As you may (or may not) have noticed, my blogging has been very slack over the last year,  and I hope my new role will re-energize me to increase my focus on this important aspect of technical development.  As mentioned above, I have never worked from home full-time, so expect to see posts in the coming weeks on my experiences with this new job style.  There are already multiple blogs describing tips and tricks and personal experiences on working from home (listed in no particular order):
While I greatly value all of these fellow #sqlfamily members' opinions, I also know that everyone's experience is different and I look forward to documenting my personal journey with telecommuting.

I also know that every job brings a new set of technological experiences, and hope to blog about those as well. 

Wish me luck!

Wednesday, July 10, 2013

Hung SQL Server Restores from Tivoli Storage Manager/Tivoli Data Protection

I ran into this with a client last night when trying to restore their SQL Server data warehouse database from TSM.

We went through several iterations of the restore failing without any meaningful error other than a cryptic “TCP/IP Connection Refused” even though we could ping and telnet from the database server to the AIX server hosting TSM.  The TSM technician at the client could see multiple tapes loading and then just sitting, with only a little data transferred to the database server at the beginning of the process but no large scale data transfer.  From my end on SQL Server I could see several connections from the TSM client (Tivoli Data Protection/TDP) that appeared to be waiting as well for BACKUPIO with little CPU or I/O traffic, but the wait time was cycling up and down rather than continuously increasing, as if the thread was doing a little work rather than completely blocked.  Perfmon showed no I/O on the disk to which we were going to restore.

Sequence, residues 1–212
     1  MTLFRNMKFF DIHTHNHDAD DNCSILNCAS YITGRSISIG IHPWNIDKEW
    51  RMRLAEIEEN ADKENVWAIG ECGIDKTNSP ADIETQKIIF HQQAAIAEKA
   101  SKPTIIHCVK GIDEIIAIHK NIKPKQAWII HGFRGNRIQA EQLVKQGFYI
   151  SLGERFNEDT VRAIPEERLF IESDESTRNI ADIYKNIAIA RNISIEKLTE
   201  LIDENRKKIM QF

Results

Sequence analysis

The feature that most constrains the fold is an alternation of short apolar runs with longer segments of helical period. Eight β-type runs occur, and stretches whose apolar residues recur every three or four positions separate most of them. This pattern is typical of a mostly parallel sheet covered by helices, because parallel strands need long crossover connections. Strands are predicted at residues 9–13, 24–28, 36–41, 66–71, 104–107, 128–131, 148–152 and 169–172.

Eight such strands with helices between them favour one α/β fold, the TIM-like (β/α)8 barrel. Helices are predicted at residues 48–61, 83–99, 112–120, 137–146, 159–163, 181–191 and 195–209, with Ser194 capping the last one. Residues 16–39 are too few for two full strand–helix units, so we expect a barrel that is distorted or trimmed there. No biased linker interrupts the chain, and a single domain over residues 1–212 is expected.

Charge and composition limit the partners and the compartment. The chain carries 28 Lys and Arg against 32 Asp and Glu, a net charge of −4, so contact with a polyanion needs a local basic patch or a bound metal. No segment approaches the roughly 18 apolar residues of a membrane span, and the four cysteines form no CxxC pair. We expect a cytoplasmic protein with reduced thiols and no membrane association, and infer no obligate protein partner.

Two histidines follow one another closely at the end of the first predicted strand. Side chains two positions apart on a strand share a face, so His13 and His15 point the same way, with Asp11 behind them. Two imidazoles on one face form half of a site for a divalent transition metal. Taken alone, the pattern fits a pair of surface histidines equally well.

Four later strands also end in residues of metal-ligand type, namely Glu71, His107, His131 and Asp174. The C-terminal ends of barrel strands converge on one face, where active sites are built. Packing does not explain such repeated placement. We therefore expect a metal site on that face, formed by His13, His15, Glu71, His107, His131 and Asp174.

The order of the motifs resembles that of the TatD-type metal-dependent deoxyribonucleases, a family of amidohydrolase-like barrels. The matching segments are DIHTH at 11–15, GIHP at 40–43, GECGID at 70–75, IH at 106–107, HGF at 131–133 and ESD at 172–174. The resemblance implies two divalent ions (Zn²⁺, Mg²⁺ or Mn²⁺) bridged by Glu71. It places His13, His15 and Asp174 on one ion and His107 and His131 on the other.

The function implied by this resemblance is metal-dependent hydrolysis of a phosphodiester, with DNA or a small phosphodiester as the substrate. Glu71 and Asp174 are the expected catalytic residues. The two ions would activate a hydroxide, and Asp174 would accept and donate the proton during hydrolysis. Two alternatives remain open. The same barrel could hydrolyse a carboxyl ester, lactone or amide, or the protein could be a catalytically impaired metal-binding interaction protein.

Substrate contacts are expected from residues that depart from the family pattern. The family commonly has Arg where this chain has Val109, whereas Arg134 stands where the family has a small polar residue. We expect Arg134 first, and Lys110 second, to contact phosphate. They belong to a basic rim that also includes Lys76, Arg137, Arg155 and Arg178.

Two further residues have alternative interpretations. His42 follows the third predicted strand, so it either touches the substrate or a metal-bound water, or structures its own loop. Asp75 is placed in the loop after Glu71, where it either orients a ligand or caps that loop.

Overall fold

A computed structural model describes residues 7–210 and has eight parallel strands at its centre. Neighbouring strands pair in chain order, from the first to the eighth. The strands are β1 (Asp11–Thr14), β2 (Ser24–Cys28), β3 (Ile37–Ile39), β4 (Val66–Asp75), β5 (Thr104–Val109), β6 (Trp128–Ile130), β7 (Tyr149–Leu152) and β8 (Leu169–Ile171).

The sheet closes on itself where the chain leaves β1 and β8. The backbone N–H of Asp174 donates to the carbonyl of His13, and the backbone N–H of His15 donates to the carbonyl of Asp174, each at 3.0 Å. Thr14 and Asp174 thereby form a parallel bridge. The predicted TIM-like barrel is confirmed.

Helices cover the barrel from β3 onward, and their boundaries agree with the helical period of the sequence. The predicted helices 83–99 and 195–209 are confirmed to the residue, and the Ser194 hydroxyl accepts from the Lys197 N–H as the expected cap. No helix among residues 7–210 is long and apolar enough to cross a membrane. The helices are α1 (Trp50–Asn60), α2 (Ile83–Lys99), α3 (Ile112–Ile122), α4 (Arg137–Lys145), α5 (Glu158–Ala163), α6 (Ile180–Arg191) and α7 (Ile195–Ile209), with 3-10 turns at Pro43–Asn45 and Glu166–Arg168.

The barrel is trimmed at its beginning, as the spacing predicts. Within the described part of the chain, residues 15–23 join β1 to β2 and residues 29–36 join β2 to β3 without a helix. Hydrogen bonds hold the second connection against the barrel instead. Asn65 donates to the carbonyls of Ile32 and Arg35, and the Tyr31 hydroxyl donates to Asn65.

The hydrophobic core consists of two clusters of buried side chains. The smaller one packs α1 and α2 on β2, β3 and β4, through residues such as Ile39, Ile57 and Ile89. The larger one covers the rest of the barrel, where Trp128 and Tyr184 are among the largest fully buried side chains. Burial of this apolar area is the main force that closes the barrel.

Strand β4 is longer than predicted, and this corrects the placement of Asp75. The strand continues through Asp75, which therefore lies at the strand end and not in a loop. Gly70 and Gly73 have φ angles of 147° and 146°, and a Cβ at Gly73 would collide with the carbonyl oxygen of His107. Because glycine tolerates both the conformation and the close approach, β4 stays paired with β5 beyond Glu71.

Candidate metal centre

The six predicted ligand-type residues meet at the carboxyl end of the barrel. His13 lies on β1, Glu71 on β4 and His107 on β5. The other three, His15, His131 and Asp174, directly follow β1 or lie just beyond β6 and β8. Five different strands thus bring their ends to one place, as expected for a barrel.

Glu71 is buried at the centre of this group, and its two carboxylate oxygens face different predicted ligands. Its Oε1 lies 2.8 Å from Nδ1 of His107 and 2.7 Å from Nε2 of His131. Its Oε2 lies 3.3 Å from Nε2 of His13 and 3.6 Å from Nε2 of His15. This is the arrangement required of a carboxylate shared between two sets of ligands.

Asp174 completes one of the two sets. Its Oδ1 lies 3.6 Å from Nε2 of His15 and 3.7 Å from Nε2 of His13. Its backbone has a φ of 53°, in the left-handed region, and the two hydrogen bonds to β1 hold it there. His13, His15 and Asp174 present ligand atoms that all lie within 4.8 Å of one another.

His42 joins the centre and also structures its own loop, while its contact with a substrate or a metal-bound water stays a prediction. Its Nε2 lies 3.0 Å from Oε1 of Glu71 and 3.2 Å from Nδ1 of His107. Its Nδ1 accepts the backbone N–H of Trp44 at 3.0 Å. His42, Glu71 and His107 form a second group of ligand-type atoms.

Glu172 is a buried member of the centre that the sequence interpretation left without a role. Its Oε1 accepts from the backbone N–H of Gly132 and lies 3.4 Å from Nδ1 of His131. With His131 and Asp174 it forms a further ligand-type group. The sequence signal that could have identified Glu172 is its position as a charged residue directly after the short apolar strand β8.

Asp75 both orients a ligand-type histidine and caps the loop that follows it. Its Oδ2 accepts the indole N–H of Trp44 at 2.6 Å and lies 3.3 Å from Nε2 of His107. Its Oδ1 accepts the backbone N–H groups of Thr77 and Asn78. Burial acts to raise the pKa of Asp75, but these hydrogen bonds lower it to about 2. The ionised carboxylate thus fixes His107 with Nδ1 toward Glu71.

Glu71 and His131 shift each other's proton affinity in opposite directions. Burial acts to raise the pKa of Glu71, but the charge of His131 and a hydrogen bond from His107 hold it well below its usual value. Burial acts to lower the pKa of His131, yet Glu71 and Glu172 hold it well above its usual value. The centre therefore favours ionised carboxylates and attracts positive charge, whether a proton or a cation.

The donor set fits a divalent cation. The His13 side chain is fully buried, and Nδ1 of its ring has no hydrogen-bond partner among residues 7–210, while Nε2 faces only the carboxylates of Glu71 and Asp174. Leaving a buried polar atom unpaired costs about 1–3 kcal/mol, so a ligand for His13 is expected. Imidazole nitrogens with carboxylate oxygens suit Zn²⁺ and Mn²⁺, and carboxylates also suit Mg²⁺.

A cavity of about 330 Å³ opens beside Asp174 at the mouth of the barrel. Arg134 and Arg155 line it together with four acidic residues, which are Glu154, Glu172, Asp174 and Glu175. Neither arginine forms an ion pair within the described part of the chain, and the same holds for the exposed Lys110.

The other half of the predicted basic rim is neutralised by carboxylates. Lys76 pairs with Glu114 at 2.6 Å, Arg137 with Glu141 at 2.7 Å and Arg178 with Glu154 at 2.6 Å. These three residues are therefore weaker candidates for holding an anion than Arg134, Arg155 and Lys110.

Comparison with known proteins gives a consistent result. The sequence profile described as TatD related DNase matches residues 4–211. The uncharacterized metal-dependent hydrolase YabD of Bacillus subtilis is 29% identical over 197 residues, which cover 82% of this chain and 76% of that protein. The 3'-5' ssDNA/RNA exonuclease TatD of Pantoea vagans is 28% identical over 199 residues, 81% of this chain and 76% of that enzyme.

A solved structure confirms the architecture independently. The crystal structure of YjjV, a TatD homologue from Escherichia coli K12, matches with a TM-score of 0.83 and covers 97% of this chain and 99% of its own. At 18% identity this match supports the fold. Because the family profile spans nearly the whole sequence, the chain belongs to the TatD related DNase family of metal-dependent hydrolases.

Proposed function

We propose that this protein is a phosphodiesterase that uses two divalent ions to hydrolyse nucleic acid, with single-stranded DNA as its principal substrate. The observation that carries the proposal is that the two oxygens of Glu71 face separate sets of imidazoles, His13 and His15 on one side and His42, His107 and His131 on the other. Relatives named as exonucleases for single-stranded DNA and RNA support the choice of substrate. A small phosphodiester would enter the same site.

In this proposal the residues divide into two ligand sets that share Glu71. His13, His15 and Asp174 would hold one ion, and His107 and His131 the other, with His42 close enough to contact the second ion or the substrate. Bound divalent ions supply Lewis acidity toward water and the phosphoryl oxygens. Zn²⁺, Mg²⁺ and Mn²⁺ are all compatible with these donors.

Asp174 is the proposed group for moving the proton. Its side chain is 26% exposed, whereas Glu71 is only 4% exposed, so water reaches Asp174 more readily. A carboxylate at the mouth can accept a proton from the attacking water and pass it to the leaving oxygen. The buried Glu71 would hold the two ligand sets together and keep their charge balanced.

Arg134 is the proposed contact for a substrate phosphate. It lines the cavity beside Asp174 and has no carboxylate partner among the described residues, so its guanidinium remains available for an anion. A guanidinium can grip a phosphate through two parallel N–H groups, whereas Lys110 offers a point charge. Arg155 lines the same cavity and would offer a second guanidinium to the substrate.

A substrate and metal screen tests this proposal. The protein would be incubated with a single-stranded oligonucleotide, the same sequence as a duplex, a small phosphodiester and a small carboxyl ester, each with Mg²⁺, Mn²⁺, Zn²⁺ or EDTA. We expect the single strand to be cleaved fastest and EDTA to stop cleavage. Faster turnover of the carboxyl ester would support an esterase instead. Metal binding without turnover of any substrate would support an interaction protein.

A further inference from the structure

The first several tries at the restore ran for about 20 minutes and then failed with the TCP/IP error.  When this occurred, a database was created on the SQL Server in “restoring” mode immediately before the failure and empty files were created on the disk at this same time.  For each subsequent attempt I deleted the restoring database and the empty files.

I found an article that talks about the length of time required to zero-initialize large database files and the potential need to increase the timeout on the TSM server (COMMTIMEOUT) to allow the SQL Server time to zero-initialize the files.  We tried this, but realized after 25 minutes of no change that with no traffic on the disk (in PerfMon) that it couldn’t be just waiting for SQL to zero-init the files.